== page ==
What do you think about the hot new book of the moment, Amy Chuas memoir about parenting, Battle Hymn of A Tiger Mother? I thought it was fascinating. I think she is backtracking from some of the interviews this week, because she is getting death threats, but I thought she had some great points. One thing that she said is that Chinese mothers can get away with stuff that Western parents think is practically illegal. For instance, if you have a kid who is overweight, Chinese parents will say, Hey, fatty, lose some weight! Which is terrible, right? Western parents will tiptoe around it and talk about nutrition and health and, as Amy Chua says, the kids still end up in therapy for self-esteem issues. She follows that anecdote with this point: Chinese parents assume strength, whereas Western parents assume vulnerability and weakness. And thats why we act differently. That part of her argument, I thought, made sense. Maybe because of being a baby-boomer inheritor of that Great Depression generation, where the motto was Suck it up, dont complain, her message is not that far away from the message that I grew up with, for better and worse. What recent books can you recommend to our readers? Happens Every Day, by Isabel Gillies. Its a memoir. She and her husband are at a small college. Shes on the faculty as a poet. He starts having an affair with one of his colleagues. It takes a long time for it to dawn on her that the marriage is falling apart. There is something in her voice and in her innocence thats really compelling. Everybody I know who has picked up this memoir has read it in one day. They cant put it down. Certainly, I think this is a fabulous memoir for any women out there who have been through divorce or any other problems in their love life.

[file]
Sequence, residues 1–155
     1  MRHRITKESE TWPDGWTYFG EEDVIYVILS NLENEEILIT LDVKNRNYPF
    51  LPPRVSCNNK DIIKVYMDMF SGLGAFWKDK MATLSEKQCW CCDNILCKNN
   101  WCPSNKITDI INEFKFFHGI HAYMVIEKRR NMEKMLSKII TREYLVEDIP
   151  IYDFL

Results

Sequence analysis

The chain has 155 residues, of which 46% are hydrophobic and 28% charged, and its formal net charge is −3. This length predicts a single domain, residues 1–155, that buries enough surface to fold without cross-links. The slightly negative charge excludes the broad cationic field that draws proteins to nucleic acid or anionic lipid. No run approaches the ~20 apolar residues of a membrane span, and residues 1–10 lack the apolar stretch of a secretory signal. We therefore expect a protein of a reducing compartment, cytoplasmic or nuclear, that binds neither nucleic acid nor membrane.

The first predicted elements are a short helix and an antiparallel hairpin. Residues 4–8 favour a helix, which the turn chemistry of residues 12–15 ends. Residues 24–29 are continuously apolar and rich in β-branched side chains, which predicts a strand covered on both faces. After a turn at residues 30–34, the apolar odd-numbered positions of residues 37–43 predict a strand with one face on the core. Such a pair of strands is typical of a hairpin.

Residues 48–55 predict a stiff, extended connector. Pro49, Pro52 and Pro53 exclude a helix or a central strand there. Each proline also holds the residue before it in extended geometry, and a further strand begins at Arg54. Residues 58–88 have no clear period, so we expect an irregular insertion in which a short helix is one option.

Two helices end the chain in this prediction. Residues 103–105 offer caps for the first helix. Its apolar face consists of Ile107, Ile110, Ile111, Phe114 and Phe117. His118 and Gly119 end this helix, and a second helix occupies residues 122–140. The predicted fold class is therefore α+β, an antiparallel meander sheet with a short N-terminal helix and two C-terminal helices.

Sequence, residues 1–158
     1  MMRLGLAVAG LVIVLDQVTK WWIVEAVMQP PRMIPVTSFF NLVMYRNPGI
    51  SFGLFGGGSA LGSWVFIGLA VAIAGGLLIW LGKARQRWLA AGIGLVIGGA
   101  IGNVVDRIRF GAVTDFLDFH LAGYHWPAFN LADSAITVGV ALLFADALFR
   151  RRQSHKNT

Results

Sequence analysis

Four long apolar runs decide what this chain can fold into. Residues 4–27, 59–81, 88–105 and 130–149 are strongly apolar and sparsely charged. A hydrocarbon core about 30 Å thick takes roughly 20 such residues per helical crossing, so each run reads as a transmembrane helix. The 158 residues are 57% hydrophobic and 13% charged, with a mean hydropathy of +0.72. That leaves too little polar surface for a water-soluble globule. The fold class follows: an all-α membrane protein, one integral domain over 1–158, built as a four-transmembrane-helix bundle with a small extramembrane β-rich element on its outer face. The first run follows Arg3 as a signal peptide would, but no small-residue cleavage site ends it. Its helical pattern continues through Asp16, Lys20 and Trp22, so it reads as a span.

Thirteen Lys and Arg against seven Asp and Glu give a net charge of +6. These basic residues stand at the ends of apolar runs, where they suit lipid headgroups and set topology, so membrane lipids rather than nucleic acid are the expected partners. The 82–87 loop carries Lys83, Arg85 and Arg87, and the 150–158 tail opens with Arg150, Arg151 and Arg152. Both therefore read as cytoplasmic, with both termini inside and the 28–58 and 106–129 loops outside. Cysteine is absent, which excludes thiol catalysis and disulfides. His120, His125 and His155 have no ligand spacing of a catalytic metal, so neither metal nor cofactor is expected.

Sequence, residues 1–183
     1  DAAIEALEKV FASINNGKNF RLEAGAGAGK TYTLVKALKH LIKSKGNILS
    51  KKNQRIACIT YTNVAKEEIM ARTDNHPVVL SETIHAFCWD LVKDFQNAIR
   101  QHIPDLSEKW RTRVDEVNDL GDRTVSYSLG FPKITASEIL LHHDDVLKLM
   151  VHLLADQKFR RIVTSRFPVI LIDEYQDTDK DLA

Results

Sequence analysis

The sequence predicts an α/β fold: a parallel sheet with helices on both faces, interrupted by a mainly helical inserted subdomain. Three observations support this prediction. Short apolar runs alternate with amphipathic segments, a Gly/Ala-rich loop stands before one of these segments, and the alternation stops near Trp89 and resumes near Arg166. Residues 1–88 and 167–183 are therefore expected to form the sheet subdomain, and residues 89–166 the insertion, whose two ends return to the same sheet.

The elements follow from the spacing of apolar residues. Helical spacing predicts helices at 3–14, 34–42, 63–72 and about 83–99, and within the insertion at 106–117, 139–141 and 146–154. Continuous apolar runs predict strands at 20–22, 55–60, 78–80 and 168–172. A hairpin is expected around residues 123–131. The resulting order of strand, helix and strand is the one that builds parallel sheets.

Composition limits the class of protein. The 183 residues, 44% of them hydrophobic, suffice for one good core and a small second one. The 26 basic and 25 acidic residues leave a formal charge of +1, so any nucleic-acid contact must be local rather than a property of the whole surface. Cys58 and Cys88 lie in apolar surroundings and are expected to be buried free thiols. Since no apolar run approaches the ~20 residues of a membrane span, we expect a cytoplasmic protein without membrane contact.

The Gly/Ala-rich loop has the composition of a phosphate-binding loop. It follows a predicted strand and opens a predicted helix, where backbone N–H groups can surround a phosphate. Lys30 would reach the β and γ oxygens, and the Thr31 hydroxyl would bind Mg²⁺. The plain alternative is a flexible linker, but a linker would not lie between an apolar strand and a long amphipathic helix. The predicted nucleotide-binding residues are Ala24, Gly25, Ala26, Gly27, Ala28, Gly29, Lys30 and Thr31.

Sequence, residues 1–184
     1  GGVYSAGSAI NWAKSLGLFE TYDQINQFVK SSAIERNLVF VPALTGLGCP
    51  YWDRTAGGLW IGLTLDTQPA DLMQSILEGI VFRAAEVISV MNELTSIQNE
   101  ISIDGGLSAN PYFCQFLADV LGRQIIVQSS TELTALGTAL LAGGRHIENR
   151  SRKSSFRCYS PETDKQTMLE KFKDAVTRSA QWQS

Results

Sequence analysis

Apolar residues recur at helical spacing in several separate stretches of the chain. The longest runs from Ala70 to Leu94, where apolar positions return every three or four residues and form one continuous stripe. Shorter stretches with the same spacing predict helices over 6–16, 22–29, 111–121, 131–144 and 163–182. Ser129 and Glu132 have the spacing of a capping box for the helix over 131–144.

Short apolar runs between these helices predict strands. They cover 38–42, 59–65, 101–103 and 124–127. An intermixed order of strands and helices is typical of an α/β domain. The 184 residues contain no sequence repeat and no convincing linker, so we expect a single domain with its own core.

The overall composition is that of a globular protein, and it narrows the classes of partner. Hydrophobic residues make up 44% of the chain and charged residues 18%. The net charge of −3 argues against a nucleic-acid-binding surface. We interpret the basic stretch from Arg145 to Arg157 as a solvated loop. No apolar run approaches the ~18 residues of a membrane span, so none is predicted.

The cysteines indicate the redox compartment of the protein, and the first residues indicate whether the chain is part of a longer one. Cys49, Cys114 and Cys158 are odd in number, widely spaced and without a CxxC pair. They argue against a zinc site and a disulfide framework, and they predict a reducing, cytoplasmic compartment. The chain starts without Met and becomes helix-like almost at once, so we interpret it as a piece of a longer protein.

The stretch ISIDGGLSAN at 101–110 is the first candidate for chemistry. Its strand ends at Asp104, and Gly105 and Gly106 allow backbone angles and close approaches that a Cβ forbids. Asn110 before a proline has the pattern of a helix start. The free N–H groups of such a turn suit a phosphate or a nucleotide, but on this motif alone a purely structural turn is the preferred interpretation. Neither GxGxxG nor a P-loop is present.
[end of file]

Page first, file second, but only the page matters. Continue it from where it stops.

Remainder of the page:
Just Kids, by Patti Smith. For me, growing up in New York, it certainly brought back vivid memories of New York in the 70s. What a great figure she is. When she got her National Book Award, she spoke to the necessity of the physical book and her love for books. There too you have a memoir where shes lost people, and has lived a life, and is smart. Its a wonderful story and wonderful images about taking chances with your life.Eleanor and Franklin, by Hazel Rowley. Its about the Roosevelt marriage. What a great story about a marriage that starts out very conventionally, and then two people are finding their way to a whole other sort of relationship with each other. We dont even have a name for it, for whatever they were to each other. Its terrifically inspiring. Matters of Chance, by Jeanette Haien. Set in New York in the forties and fifties ,this is a wonderful old-fashioned novel about a man losing his wife, and his life going on and opening up again. Shes such an interesting writer because she didnt start writing until she was in her sixties. Its a lovely vision of New York, one of my favorite topics, duringone of its golden ages. The Poison Tree, by Erin Kelly. For readers who like to escape into that Masterpiece Theater type world. Its a wonderful novel and beautifully written. Do books still hold the same satisfaction for you now that reading them is your job? I do feel like I have the best job. If there is a book out there that is not getting enough attention, and I can sing its praises, thats fabulous.Ron Sklar is a New-York-based writer who contributes to a variety of blogs, websites and publications.What book are you reading now? See other suggestions and comment below: